Wednesday, February 16, 2011

future soldier - world-wide mind

NYTimes | Imagine, Michael Chorost proposes, that four police officers on a drug raid are connected mentally in a way that allows them to sense what their colleagues are seeing and feeling. Tony Vittorio, the captain, is in the center room of the three-room drug den.

He can sense that his partner Wilson, in the room on his left, is not feeling danger or arousal and thus has encountered no one. But suddenly Vittorio feels a distant thump on his chest. Sarsen, in the room on the right, has been hit with something, possibly a bullet fired from a gun with a silencer.

Vittorio glimpses a flickering image of a metallic barrel pointed at Sarsen, who is projecting overwhelming shock and alarm. By deducing how far Sarsen might have gone into the room and where the gunman is likely to be standing, Vittorio fires shots into the wall that will, at the very least, distract the gunman and allow Sarsen to shoot back. Sarsen is saved; the gunman is dead.

That scene, from his new book, “World Wide Mind,” is an example of what Mr. Chorost sees as “the coming integration of humanity, machines, and the Internet.” The prediction is conceptually feasible, he tells us, something that technology does not yet permit but that breaks no known physical laws.

Mr. Chorost also wrote “Rebuilt,” about his experience with deafness and his decision to get a cochlear implant in 2001. In that eloquent and thoughtful book, he refers to himself as a cyborg: He has a computer in his skull, which, along with a second implant three years ago, artificially restores his hearing. In “World Wide Mind,” he writes, “My two implants make me irreversibly computational, a living example of the integration of humans and computers.”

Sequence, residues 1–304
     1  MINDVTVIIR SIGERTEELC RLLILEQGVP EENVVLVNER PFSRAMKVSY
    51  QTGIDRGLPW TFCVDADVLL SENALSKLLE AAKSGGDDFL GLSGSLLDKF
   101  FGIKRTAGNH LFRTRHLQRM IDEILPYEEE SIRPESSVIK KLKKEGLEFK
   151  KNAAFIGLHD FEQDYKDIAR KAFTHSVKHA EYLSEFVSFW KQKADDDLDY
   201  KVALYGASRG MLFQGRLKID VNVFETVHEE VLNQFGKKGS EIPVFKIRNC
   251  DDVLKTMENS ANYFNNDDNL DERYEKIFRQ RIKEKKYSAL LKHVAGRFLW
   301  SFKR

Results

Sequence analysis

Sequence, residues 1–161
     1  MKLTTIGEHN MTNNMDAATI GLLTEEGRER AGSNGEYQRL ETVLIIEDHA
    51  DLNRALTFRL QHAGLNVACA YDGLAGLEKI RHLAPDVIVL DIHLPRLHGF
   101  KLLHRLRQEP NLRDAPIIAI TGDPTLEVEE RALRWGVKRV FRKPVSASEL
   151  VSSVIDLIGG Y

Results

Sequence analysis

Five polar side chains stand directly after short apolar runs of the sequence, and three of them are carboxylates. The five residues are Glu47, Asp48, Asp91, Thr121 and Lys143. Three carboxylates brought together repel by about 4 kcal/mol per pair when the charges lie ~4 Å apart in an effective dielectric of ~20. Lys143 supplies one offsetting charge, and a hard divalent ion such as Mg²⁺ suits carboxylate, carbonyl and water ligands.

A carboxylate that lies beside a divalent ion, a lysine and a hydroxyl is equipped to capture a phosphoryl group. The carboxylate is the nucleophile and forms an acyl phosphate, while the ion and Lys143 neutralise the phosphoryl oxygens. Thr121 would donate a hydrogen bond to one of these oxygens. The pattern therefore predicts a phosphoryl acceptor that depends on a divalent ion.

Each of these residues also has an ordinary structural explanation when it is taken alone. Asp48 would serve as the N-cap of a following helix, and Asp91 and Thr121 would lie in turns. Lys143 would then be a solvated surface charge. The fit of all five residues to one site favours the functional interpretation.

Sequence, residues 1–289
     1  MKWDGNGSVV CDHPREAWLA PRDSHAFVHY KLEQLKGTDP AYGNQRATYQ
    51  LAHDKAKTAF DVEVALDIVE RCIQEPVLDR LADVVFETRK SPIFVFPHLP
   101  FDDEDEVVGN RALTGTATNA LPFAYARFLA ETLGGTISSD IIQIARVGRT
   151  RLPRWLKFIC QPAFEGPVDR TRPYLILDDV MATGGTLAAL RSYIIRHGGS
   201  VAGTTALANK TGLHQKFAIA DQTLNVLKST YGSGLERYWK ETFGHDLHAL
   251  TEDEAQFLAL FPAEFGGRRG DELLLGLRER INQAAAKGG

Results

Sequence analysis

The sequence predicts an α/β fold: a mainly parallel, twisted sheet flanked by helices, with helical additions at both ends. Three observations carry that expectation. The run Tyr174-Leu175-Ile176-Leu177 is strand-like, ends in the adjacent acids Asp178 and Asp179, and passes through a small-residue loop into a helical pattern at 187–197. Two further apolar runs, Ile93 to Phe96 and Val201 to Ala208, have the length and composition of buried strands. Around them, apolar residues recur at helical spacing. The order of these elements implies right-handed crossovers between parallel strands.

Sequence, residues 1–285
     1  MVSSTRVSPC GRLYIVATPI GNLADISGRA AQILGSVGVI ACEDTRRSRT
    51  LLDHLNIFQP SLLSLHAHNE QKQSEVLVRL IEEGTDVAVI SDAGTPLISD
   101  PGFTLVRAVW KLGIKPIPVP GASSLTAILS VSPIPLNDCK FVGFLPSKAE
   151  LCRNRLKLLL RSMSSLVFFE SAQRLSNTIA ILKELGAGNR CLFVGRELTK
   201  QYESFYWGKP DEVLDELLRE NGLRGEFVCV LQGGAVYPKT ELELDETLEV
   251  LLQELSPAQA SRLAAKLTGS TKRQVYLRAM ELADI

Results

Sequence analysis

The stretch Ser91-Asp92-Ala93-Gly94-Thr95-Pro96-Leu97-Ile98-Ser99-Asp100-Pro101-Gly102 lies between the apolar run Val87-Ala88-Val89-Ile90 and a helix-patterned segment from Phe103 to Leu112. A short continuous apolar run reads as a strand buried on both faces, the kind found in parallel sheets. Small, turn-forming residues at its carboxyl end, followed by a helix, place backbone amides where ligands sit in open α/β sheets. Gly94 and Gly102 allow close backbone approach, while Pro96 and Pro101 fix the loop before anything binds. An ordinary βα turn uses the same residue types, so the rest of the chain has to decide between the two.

He takes off from his own implanted computer to imagine a world where people are connected by them. The implanted computer would work something like his BlackBerry, he explains, in that it would let people “be effortlessly aware of what their friends and colleagues are doing.” It would let each person know what the others “are seeing and feeling, thus enabling much richer forms of communication.”

Cool. Maybe. But beginning with privacy issues, the hazards are almost countless.

In discussing one of them, he cites the work of Dr. John Ratey, a professor of psychiatry at Harvard who believes people can be physically addicted to e-mail. “Each e-mail you open gives you a little hit of dopamine,” Mr. Chorost writes, “which you associate with satiety. But it’s just a little hit. The effect wears off quickly, leaving you wanting another hit.” Fist tap Nana.